People Inbetween. Vol. 1: The Burghers and the Middle Class in the Transformations Within Sri Lanka, 1790s–1960s. By Michael Roberts, Ismeth Raheem and Percy Colin-Thomé. Ratmalana, Sri Lanka: Sarvodaya Book Publishing Services, 1989. xxiii, 389 pp. $125.00.



Filed under British colonialism, communal relations, cultural transmission, discrimination, disparagement, heritage, historical interpretation, life stories, self-reflexivity, slanted reportage, sri lankan society, taking the piss, tolerance, unusual people, world events & processes

5 responses to “The Goyigama Lansiyaas

  1. My Dad, Vivian Nathanielsz, was Chief Inspector in the 1940’s -50;s. Many of the names mentioned were good friends of his. Uncle Wilhelm, Uncle Harry, all the van den Driesen brothers, Uncle Alan Flamer Caldera, etc. He, however, was no Lansiya… although he was classified as such.. he was Eurasian: his mother was Scottish/Irish, and he insisted on identifying as Sinhalese, as do I, recognising my heritage, although I have been an Australian citizen since 1961.
    I remember the Mess in Brownrigg Road very well!
    When I visited there in 2010, I was delighted to see that the very same chairs where Dad and his drinking buddy, Uncle Colin van den Driesen, sat, are still there, in the same place, on the verandah!
    Dad was in Moratuwa in 1947 when I was born… then transferred to Badulla, where he retired to become Managing Trustee of the Lady Lochore Loan Fund, prior to our emigrating to Melbourne in 1960.
    One day, I intend to write about these fine, honourable gentlemen… the calibre of whom is very rare… then and now!!!
    Jeni Nathanielsz

  2. An EMAIL MEMO from NATHAN SIVASAMBU [ageless 90 or so] in London: “Michael, I have read through what you have sent. I knew two [Tamil gents] who lived in our street, Deal Place (Govt. Quarters), Colpetty, Colombo 3 who joined the Police Force: David Thambiah who joined as an ASP, and Sunderalingam Ramachandran who graduated with a General Degree at Peradeniya and, I think, was President of the Student Union. He joined as an ASP. He told me that on returning from Jaffna, he advised President J. R. Jayawardena that the LTTE were a handful which would be neutralised if the North was granted Federal status.

    Sunderalingam Ramachandran told me that President JRJ paid no attention.
    Sometime later Sunderalingam resigned or still as an ASP of the Ceylon Police joined Interpol, and was basedin, I think, Paris and then at Lyons. He became their leading expert on drug trafficking.He moved finally to Chennai – on retiring (?). His brother is the Eye Surgeon of renown, Pararajasingham.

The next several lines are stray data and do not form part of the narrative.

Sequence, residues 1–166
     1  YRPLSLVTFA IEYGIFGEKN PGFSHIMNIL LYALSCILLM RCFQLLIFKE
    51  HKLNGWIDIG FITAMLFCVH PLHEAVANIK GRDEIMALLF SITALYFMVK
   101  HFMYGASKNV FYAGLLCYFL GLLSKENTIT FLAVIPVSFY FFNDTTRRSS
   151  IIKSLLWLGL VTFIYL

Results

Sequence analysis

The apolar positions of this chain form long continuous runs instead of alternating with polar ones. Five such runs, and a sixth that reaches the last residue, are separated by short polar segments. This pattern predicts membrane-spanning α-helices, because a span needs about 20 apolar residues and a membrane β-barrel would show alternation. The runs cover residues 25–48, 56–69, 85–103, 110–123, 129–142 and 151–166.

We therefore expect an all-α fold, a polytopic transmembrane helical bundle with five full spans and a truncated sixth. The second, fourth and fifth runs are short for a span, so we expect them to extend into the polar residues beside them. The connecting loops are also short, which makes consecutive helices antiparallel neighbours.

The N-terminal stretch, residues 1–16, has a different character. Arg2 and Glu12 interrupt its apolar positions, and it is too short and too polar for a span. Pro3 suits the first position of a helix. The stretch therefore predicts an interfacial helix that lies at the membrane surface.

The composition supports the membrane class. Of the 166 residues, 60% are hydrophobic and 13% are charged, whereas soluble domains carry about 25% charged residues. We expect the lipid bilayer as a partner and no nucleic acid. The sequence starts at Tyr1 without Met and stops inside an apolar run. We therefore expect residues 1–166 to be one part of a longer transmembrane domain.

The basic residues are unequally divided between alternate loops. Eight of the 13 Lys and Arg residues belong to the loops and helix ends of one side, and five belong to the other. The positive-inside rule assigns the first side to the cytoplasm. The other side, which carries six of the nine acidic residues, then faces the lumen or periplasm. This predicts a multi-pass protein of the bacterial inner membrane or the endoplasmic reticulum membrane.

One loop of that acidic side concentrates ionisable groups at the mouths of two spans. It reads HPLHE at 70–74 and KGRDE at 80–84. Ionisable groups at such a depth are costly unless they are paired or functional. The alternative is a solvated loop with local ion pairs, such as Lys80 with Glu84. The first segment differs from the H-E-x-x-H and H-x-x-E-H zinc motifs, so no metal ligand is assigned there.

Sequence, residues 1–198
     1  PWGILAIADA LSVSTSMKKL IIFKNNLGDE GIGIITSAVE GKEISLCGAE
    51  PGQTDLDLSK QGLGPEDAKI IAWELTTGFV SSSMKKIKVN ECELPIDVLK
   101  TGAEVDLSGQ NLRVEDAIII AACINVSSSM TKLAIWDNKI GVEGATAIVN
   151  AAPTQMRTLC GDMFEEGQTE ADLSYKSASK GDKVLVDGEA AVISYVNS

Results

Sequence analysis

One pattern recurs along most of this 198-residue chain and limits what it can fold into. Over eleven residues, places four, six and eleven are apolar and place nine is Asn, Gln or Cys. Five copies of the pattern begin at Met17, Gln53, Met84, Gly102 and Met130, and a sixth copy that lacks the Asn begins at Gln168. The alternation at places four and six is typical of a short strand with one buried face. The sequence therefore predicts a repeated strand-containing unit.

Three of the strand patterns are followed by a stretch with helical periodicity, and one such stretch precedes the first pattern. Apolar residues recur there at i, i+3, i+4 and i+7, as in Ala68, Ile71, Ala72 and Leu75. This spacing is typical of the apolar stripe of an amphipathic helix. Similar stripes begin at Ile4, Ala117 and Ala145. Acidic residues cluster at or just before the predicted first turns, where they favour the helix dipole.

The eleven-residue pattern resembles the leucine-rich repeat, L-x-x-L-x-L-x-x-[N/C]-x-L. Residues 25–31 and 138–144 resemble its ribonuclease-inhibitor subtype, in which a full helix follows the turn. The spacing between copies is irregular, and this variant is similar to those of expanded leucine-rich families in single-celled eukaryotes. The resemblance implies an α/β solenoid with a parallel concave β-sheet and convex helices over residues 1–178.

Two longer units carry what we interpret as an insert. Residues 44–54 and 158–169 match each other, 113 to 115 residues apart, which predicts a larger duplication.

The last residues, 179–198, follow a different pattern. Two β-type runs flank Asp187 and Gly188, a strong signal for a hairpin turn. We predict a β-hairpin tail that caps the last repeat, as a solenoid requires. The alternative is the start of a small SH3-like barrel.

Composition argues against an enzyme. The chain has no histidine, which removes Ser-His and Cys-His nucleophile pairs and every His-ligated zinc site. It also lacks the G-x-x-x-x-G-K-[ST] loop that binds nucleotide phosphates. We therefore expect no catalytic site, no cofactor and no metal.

I knew Bryce Kelart who was at Royal who on moving to Australia after the war became a Police Constable. He married the sister of my friend, Emil Hunter, Eileen – the entire Hunter family moved to Australia. They lived next door at no. 17 in Deal Place.

    Emil’s maternal grand father who lived with them has some interest: he fought in the ’14-’18 war, and every year on Armistice Day he takes out his rifle, blood stained rifle to clean it – and as he does so tears stream down his face.

    Sunderalingam knew Senake Bandaranayake whose father was in the Police force. When Senake Bandaranayake was Ambassador to France in 2000, he invited Sunderalingam to visit him.

    Of interest: John Attygalle who was head of the CID was removed by the Mahadeva family pressure as he stood in the way of an impartial inquiry into the murder of Mrs. Sathasivam.His brother R. C. L. Attygalle taught English at Royal. He was inspiring. Later he joined UNESCO.

    I am here also recording my time.

    Good wishes, …..Nathan

  3. Pingback: “Goyi-Lansi”: Badinage founded on Class Differentiation laced with Ethnicity and Prejudice | Thuppahi's Blog

  4. Sandra Stavrou

    Hello! Could you enlarge further on the photo “.Garden party in Ceylon 1950’s” as I’m almost sure these are members of my family. I think I’m the child in the photo.
    I emailed Victor re this when he forwarded your article to me.
    I would appreciate any information.
    Thank you.
    Sandra Stavrou nee (Edema)

    • Gunvor Pieris added this calArification re the PHOTO: “The Garden party picture is of Rose Pieris nee Bulnere. Gladyss Deutram. Hedy Deutram and Percy Pieris father of my husband P. I, Pieris.” Gunvor, by the way, is a Scandinavaian but thoroughly and truly Sri Lankan –wife of the late PI Pieris of STC, Cambridge Uni, SSC and Ceylon in the cricket world and Ian Pieris and Co in the mercantile world. I have been fortunate as to count them as my friends.